Sure, the iPhone 6 or Galaxy S5 or HTC One is much, much faster than the Lumia 635. Yes, they have higher-density displays, better cameras, more advanced wireless connectivity, and more sensors. But you could buy thirteen Lumia 635s for the price of an iPhone 6.
Recently, the Microsoft Store held a sale on the budget Lumia 635 smartphone, bringing it down from an already reasonable $80 price tag to a preposterous $49. As I’m sure you’re well aware, I have a fascination with both exploring diverse computing ecosystems and “good enough” computing, so naturally I snapped one up. The Lumia 635 mates a competent budget Windows Phone 8.1 experience to an LTE modem for a price only slightly above that of the older, 3G-only Lumia 520 (which as of time of writing is available for an equally absurd $29). So I have spent the last week or so using the Lumia 635 as my daily smart phone in place of my Galaxy S5 in order to get a feel for where both this device specifically and the Windows Phone 8.1 ecosystem lie. What follows, then, is not so much specifically a review of the Lumia 635 specifically as a piece of hardware, but more of a loose treatise on both Microsoft’s place in the smartphone economy and the general state of budget-vs-flagship smartphones.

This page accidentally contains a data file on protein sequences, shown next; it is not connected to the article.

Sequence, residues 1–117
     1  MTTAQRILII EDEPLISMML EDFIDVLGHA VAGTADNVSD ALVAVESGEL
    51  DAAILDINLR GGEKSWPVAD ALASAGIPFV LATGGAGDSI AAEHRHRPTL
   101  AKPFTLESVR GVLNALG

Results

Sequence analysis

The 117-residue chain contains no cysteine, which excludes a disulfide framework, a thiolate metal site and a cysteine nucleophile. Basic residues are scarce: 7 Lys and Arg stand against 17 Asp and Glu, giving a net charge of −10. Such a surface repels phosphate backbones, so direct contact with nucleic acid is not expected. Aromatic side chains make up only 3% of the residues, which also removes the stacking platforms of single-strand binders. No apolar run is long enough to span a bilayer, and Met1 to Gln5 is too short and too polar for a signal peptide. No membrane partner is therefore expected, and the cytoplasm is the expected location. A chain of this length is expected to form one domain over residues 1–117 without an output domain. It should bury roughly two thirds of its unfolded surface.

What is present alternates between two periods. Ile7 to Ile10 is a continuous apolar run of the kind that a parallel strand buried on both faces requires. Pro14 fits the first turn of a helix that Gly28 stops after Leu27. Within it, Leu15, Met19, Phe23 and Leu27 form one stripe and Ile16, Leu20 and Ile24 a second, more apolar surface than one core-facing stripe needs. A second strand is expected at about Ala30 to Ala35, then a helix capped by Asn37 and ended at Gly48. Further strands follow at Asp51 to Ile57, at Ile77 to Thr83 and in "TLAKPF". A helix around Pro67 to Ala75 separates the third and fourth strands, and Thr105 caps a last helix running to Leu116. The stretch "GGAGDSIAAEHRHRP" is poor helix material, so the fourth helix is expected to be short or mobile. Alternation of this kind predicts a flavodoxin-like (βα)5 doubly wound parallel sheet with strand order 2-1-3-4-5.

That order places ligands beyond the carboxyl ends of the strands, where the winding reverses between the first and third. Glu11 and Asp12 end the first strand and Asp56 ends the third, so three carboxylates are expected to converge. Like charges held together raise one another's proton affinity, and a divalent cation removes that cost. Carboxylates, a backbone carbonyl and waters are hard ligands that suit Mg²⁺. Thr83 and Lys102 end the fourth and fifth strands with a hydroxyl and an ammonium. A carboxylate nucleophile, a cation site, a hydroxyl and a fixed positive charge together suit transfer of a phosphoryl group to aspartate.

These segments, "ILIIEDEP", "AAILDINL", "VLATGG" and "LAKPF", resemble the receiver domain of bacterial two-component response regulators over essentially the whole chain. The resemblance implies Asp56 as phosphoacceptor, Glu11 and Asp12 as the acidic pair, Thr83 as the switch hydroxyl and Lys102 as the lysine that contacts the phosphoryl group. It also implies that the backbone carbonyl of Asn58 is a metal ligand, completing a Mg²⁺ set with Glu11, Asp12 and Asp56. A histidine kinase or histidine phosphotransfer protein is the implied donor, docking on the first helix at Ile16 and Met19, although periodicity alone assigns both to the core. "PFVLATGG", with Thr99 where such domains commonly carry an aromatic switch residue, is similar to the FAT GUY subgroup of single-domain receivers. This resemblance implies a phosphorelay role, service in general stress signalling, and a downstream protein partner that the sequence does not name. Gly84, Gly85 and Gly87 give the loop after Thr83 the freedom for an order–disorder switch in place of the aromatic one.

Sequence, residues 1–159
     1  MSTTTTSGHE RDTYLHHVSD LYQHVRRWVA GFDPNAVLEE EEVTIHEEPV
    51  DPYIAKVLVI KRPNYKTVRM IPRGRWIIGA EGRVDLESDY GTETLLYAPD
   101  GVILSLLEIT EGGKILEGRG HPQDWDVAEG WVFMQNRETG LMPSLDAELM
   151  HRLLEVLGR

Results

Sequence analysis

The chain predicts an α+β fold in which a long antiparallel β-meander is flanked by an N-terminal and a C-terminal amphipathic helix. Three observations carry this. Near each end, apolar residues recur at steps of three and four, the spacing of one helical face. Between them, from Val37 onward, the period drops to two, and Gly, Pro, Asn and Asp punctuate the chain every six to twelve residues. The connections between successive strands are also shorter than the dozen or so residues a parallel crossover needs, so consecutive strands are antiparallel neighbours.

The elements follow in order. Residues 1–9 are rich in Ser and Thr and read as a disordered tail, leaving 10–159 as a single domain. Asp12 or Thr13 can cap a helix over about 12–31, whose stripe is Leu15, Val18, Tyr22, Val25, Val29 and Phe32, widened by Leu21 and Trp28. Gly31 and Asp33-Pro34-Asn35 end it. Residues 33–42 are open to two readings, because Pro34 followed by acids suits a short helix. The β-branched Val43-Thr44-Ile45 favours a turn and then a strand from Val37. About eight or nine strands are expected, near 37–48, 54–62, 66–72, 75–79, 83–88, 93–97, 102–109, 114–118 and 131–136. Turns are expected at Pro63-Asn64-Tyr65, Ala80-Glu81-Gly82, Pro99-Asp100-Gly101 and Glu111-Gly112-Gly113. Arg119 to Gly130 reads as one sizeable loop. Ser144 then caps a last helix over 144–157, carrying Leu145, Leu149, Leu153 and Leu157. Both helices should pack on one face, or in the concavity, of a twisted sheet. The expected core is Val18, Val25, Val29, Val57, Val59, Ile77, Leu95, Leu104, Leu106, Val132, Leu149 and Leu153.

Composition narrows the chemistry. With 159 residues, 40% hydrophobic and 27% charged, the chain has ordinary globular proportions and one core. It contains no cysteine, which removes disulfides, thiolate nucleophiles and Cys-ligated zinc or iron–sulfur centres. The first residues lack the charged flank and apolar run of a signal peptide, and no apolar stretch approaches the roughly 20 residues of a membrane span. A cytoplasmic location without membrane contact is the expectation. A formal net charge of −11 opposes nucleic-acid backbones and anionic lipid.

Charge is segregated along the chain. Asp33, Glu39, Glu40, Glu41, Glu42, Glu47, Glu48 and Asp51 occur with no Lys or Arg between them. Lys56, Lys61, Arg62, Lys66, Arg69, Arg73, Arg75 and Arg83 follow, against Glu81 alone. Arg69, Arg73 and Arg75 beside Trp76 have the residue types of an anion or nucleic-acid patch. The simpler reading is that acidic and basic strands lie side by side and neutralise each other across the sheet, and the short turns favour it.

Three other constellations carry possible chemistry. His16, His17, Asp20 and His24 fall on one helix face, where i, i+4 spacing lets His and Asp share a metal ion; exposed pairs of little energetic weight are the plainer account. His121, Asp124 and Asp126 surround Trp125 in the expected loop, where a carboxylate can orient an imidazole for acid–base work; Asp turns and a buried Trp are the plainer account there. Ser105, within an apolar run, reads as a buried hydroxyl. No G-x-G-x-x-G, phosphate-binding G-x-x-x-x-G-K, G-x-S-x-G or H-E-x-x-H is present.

Continue reading “A Gentle Stroll to the Bottom: The Nokia Lumia 635 Review”
Part One of the Windows 8 review coverage
There was a time when Microsoft’s web browser commanded about 95% of the global market. Internet Explorer was the way to browse the web, and deep integration into the equally-ubiquitous Windows operating system left Netscape without a leg to stand on. Internet Explorer got so big, in fact, that the federal government got involved, suing Microsoft for anti-competitive business practices. There was even talk of splitting up Microsoft, AT&T-style. Of course, that didn’t come to pass, but Microsoft was required to separate Internet Explorer from the core of Windows somewhat. In Europe, they faced even tougher restrictions: Windows 7 and up have to prompt the user which web browser they want to use on first boot, rather than shipping with IE installed by default.
The real decline in Internet Explorer’s market share, however, came of course from the explosion of two alternative browsers: first, Mozilla’s Firefox in 2004, and later Google’s Chrome in 2008. I have used Firefox off and on since the early betas (still called Phoenix at the time, before trademark issues forced Mozilla to change the name) and have been using Chrome as my primary browser for the last couple of years. I, like millions of others, eventually came to view Internet Explorer as “that thing that downloads Firefox/Chrome on new computers.”
Continue reading “Just Too Close To Love You: The Internet Explorer 10 Review”